We all remember the last semester of high school. A new life chapter was approaching. Our childhood was ending. We would soon experience the freedom of the college world.
It was scary to know that we would be on our own, but we were itching to leave. We knew the quality of our work did not reflect what we were capable of, we just wanted it out of the way. I even remember calculating how much I had to do to just barely pass my classes and coast through the rest of my school year. It did not matter that more difficult times and more responsibility were imminently ahead of us, we just wanted to be done with high school. We called it “senioritis.”
Nearing the end of your 3,000 hours towards licensure can be eerily similar. Your days as an associate (or whatever title your state uses) are ending. Licensure typically means you will be able to do treatment independently, without supervision. Passing that final clinical exam means unlocking the gates to the land of decent pay and, if you start your own private practice, not having to share client fees with anyone else.
You will no longer have to be closely watched, or commit time every week to watch videos of your therapy or role play alternative scenarios. You will be free. In a way, you may have your own senioritis. Maybe you will take on bigger caseloads or extra shifts to hammer out those last hours. In exchange, the quality of your work may suffer, even if it’s unnoticeable to anyone outside of yourself. It’s understandable if you just want to be done already.
It’s good to recall how the freedom from high school was not as promising as we had once hoped. There are many ways that licensure can be scary to finally obtain. There’s a feeling of “Now what do I do?” We don’t magically get our own thriving private practice. We have to market ourselves and build up to a sustainable caseload in order to drop our other jobs. We have to seek out our own consultation if we are unsure of our work. We are now completely liable for anything that happens, and not working under someone else’s license.
Back when 3,000 hours seemed a lifetime away to get, you may have made strategic decisions on the prelicensed jobs that you took on to complete your hours. Some chose to follow their true niche interests and utilize all the time they could take before licensure. Others took the jobs that promised the most hours (and the risk of burnout to go along with it) in order to be licensed in the least amount of time. It didn’t matter whether those hours were with a population that they were passionate about working with. The latter option tends to lead to the most uncertainty once you’re finally done with your hours. You spent all your time hustling to reach 3,000, and may not have had enough time to invest in planning where you wanted to go afterwards.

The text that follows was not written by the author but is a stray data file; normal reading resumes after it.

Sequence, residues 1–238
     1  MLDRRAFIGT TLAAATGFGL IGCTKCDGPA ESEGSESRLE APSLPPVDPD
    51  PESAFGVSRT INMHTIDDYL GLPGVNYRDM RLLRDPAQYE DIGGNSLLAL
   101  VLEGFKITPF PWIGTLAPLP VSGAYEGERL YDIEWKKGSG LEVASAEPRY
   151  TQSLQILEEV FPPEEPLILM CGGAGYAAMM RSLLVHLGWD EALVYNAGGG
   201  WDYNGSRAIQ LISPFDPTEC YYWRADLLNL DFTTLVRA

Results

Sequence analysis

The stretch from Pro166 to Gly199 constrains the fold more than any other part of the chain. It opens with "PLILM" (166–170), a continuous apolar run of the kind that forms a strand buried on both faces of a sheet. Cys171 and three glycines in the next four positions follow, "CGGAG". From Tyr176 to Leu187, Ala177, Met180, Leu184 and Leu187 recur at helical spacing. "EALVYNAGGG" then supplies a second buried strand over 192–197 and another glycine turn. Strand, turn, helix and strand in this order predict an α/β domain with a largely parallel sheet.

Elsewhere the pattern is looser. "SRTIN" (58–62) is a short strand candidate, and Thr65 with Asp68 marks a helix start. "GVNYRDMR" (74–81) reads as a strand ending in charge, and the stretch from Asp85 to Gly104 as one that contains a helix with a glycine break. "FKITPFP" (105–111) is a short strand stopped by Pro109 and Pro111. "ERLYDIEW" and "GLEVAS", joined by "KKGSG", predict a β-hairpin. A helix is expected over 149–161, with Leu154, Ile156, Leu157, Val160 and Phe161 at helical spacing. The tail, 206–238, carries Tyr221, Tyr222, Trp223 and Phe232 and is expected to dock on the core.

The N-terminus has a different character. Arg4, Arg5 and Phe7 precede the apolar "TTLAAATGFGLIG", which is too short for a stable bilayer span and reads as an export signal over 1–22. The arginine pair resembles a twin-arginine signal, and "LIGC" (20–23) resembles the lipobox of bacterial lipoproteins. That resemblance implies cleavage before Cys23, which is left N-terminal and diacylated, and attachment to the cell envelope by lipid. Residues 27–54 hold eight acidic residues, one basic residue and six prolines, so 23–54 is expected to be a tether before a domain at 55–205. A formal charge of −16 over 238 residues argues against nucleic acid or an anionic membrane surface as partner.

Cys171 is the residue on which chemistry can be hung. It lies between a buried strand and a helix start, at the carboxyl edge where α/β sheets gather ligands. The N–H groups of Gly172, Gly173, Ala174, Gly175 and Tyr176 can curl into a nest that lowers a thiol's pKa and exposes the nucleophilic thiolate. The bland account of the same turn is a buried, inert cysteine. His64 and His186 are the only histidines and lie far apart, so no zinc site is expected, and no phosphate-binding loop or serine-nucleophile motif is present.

Your future is something that supervisors are not required to coach you through. In fact, supervisors and employers can actually benefit if you take longer to get licensed, because it means that they will have a seasoned employee for longer and will continue to get a portion of the fees your clients pay. Like in high school, it’s up to you to develop your plan for the next chapter. Senioritis or not, you probably did not wait until after graduation to start applying to colleges. Similarly, you should not wait until your hours are done to figure out what comes next.
Questions to consider, and other steps to take now
What kind of environment do you want to work in? Would you rather work independently or with a team? Report to a facility or travel to each client? What kind of population do you want to serve? These questions can help narrow down your job and location search terms.
Have you decided that you want to specialize in any theory or diagnosis? Next steps with this would be to attend trainings or continuing education.
It can’t be stressed enough how helpful networking can be in this field. Keep in touch with your cohort from grad school. Join the Facebook groups for psychotherapists in your area. Attend conferences, mixers, lectures, and other events that are relevant to what you want to do. Build your niche support system, and you may just meet the person who connects you to your dream job.
It’s understandable if you’ve been struggling with licensure senioritis. Thankfully, it’s curable. You are responsible for your own future. You can and should start planning the next stage of your career before you reach it.